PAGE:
WYRE Forest’s MP has criticised the timing of a proposed pay rise as “awful” but says it is right politicians’ salaries are decided independently.

Mark Garnier told The Shuttle he would not make any promises about what he would do with any extra pay and was concerned politicians doing so could result in the cheapest candidate being elected and not necessarily the most suitable.

A report is due out today from the Independent Parliamentary Standards Authority (IPSA) suggesting an 11 per cent rise should be introduced after the 2015 general election, taking MPs pay to £74,000 a year.

Pensions will be cut and some allowances scrapped as part of the package.

IPSA was set up to determine independently what MPs should be paid, in response to the 2009 expenses scandal. Mr Garnier said people had agreed that was the right system and “had the IPSA recommended lowering MPs pay, no-one would have complained”.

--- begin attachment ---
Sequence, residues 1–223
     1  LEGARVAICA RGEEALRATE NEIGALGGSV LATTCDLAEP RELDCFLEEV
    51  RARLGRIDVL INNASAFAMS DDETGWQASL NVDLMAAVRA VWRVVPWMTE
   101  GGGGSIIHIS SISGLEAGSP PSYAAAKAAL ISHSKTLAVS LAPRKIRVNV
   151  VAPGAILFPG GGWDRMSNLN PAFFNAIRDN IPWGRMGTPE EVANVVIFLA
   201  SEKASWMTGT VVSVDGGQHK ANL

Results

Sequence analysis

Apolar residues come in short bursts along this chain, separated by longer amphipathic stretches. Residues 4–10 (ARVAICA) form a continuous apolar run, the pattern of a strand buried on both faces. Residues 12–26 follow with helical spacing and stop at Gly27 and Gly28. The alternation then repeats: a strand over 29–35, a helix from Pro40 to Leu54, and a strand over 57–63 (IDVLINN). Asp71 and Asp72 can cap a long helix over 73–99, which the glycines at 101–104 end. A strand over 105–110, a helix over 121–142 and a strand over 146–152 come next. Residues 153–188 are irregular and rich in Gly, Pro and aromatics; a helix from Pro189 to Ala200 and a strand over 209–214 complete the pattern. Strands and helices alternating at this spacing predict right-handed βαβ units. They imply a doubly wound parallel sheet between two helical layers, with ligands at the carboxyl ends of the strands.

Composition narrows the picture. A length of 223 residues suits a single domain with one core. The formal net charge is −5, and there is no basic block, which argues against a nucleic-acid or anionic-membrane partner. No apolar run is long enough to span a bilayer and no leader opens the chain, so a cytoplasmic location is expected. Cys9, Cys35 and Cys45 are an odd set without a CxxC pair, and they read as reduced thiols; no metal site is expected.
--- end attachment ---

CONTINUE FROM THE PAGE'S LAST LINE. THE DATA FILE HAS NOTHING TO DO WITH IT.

In response, some MPs have pledged to give their rises to charity. Mr Garnier said: “What will result from this is pressure on candidates to make promises about their pay at elections.

“The result will be election literature all about how much a candidate will give to local charities and less about what they will do if elected. Will this mean the richest candidate gets elected because he or she will promise more than the others?”

The Tory MP said he would continue to give about £3,500 a year to charitable auction lots and added: “I am in politics because I feel passionately about serving my community and making a difference for the better.

“We want the best people to come into politics and they should be able to make that decision based on a clean financial offering, not having to work out the moral decision on how much salary to take.

“Is this a good time for IPSA to be doing this? No, it’s bloody awful and I think they should be more sympathetic.”

MPs currently receive a yearly salary of £66,396. In an anonymous survey conducted earlier this year, MPs suggested that they should be paid an average of £86,250, with one fifth of those questioned saying they should get £95,000 or more.